JL - The book reviews have been extremely positive. I sought the blessing of many experts on the content. As part of my book-writing process, I also read the bad book reviews on Amazon on similar subject matter topics and the same for relevant articles. This helped me as I didn’t want leave anything salient out.
 
NG - Who Is Going to Take Care of Me When I'm Old? is chock full of valuable resources and references. How much time did you spend on research versus the writing?
 
JL - 50/50 time split. I had to stay on deadline with publisher, but I had to keep resources up to date until the last day before printing. After that, I use social media to update my info. By the way, your work is not done after the book launches. A new phase starts with the promotion. As part of the promotion process, I’ve taken the book apart to do videos, articles, blog posts, interviews, talks and key notes, all to help readers digest the material.
 
NG - Speaking of resources, references and inspiration, the lovely depiction of your friend Martin in Chapter 1 stuck with me. Who else has inspired and influenced your work, be it lay people and experts?
 
JL - Many people have a “Don’t” plan as they age. I have a “Do” plan. I surround myself with people who are at least 20 years older and 20 years younger than me. People in positive aging and eldercare are helping to make changes in the medical and housing communities. I have been spending many waking hours with people in the aging field and end of life. I can talk about it all day long. My mom is greatest teacher in terms of transition. She says she is proud of me and I love that she can be with me at age 91. We have an ideal housing scenario which allows her to foster her own independence. Mom and I live in the same apt building four floors apart. She moved in after her husband died. I have encouraged her to take better care of herself and been influential in introducing Mom to the treadmill.
 
I truly believe in TTN’s mission to support women in their many phases of change after 50. I want to help women and foster that the transition is not over – there are many elements and it can take on a life of its own. Other situations with our health, finances, caregiving, relationships, and housing come up left and right.
 
NG - What suggestions do you have for those in partnered relationships when one partner is more focused on aging consciously than the other? In other words, how do you encourage a partner who is not interested in being the CEO of his or her body to change their thinking?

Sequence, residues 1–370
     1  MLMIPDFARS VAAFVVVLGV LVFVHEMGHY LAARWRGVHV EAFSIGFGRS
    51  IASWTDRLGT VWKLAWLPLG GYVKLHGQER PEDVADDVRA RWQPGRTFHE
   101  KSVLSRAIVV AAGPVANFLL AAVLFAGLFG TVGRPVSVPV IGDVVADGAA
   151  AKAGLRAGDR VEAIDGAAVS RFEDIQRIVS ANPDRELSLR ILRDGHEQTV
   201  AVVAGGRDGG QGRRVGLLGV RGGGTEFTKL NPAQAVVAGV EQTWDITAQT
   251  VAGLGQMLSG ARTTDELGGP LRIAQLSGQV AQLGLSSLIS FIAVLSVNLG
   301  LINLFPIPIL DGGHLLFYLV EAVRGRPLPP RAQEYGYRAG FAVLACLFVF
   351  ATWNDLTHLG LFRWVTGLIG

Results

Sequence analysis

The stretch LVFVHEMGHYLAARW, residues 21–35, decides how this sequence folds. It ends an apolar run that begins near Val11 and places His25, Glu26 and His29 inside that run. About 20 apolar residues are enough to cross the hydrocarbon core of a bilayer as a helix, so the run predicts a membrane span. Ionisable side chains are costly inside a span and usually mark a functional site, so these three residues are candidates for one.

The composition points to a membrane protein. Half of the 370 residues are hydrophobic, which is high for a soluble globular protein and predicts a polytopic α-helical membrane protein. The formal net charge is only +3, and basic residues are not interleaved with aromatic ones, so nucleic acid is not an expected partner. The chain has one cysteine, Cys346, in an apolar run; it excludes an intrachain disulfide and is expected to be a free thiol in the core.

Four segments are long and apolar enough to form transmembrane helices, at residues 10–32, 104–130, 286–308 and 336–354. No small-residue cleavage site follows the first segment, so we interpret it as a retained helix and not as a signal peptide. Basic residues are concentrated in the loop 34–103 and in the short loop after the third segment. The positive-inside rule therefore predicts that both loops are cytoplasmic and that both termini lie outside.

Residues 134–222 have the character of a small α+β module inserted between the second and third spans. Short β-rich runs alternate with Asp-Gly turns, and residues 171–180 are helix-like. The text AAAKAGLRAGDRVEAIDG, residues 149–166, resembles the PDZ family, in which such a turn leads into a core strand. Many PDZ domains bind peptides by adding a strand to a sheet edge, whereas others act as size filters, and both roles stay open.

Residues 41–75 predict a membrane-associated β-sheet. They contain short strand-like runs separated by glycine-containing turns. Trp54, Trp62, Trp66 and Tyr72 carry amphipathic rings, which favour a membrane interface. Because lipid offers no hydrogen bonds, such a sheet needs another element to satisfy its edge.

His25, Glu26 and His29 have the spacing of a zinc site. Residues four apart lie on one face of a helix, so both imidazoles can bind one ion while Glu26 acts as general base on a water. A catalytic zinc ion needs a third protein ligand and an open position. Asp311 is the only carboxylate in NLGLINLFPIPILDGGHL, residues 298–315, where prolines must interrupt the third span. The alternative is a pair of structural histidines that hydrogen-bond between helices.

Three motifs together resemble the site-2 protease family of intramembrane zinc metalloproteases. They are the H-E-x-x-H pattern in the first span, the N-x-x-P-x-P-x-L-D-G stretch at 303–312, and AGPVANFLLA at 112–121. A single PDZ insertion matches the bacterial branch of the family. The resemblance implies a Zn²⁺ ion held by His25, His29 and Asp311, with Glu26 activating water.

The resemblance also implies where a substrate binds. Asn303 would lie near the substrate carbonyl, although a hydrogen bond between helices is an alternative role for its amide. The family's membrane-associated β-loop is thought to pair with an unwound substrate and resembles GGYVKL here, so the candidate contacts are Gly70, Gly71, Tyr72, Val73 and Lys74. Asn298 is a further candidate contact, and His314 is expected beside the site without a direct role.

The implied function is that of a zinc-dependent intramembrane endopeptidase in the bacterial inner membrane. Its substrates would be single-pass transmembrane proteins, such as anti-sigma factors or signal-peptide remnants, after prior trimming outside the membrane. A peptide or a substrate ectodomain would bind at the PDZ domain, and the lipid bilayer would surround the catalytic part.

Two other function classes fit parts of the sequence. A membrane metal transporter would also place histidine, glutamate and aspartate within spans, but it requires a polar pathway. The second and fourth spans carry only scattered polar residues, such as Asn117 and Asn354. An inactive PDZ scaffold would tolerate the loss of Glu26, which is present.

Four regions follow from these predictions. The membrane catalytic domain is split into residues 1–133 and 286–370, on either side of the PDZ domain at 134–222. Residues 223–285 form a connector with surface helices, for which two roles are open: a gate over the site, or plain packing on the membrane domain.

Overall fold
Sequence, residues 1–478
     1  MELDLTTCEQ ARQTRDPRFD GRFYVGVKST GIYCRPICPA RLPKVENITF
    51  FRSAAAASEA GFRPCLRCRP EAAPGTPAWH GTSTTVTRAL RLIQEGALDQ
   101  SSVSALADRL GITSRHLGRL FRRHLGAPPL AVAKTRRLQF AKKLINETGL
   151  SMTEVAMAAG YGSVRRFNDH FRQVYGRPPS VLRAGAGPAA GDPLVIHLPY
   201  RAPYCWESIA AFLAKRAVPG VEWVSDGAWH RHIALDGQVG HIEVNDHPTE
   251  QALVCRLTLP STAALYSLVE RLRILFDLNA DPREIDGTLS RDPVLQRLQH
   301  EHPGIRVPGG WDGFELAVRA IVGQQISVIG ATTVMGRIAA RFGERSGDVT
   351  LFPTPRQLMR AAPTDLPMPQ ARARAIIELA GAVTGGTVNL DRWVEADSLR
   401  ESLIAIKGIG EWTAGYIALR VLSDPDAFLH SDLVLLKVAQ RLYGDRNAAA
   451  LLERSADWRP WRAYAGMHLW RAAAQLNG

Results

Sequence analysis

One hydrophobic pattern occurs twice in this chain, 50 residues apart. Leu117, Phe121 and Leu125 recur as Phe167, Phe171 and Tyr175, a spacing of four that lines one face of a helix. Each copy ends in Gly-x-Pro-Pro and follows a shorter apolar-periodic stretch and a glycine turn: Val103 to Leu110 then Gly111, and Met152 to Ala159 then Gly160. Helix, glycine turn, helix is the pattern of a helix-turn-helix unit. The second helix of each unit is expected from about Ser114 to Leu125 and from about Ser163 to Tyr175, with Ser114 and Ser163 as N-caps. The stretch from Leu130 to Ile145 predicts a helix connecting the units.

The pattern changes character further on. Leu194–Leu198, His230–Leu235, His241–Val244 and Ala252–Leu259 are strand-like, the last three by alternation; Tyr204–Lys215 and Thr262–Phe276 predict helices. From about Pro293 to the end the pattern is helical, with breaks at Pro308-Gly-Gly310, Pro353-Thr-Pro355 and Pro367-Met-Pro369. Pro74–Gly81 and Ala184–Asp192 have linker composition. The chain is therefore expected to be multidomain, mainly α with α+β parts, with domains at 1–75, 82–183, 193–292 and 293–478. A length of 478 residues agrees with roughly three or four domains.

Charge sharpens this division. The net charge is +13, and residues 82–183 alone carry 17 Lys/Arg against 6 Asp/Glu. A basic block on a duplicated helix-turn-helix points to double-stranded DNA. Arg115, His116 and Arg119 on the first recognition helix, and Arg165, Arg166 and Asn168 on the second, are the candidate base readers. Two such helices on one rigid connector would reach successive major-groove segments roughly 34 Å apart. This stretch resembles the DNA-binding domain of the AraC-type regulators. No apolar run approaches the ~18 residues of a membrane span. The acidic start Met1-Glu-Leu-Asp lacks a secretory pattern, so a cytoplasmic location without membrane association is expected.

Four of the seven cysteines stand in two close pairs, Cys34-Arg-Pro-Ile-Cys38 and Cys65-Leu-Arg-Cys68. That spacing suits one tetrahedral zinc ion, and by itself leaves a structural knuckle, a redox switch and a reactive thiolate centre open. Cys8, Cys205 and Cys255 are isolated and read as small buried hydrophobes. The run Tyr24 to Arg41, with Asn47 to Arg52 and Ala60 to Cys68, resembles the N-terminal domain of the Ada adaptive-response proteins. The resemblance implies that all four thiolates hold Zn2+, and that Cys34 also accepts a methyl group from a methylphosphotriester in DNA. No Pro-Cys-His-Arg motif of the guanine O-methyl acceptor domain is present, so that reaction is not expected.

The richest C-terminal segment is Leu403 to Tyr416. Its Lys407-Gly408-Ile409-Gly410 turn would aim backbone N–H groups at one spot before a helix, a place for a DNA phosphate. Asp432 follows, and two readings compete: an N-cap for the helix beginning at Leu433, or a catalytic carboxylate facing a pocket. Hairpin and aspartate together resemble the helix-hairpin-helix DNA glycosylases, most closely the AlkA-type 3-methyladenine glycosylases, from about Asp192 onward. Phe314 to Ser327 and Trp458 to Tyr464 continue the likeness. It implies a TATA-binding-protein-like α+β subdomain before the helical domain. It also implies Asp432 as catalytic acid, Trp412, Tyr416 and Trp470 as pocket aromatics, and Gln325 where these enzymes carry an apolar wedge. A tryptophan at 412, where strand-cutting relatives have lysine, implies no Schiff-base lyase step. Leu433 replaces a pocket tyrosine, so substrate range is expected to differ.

JL - We are all influenced by different things. Are you an influencer for your loved one? Different people may be influencing you regarding work or exercise. When you don’t have influencers, we suggest finding others who might take on that role. For example, a grandchild can be influential in getting a grandparent to quit smoking. They can be very helpful in showing us how to use social media and other technology. My advice is if you don’t have a grandchild, go rent one!
 
NG - For those with a chronic illness, or receiving a diagnosis such as pre-diabetes, what's the very first step you'd recommend they take?
 
JL - Address the money issue. Understand how much your care is going to cost. Go to various associations for support. These organizations have a wealth of information. For example, the American Diabetes Association, Alzheimer’s Association, and Parkinson’s Foundation. are great resources.
 
NG - Towards the end of the book you discuss the art of slowing down. Are you following your own advice? What's next for you now that you have written two books and are a recognized expert in positive aging? 
 
JL - I have made a commitment to this wonderful concept called sleep. I take long walks and build in more time to walk where I want to go in the city. I am letting my new book do its work and I’m open to where it will lead me next. I’m not afraid of long periods of silence since the book got published as I know people are thinking about what I wrote. It’s exciting to see things happening in the aging field and the professionals coming up with more ideas about solo aging. I’m open to them telling me how I can help.

More and more isolated groups are putting together communities, like TTN’s women. Utilizing more than one brain mean the outcomes can be much bigger. My book opened a can of worms to facilitate solutions for solo aging and I’m glad to encourage the conversation.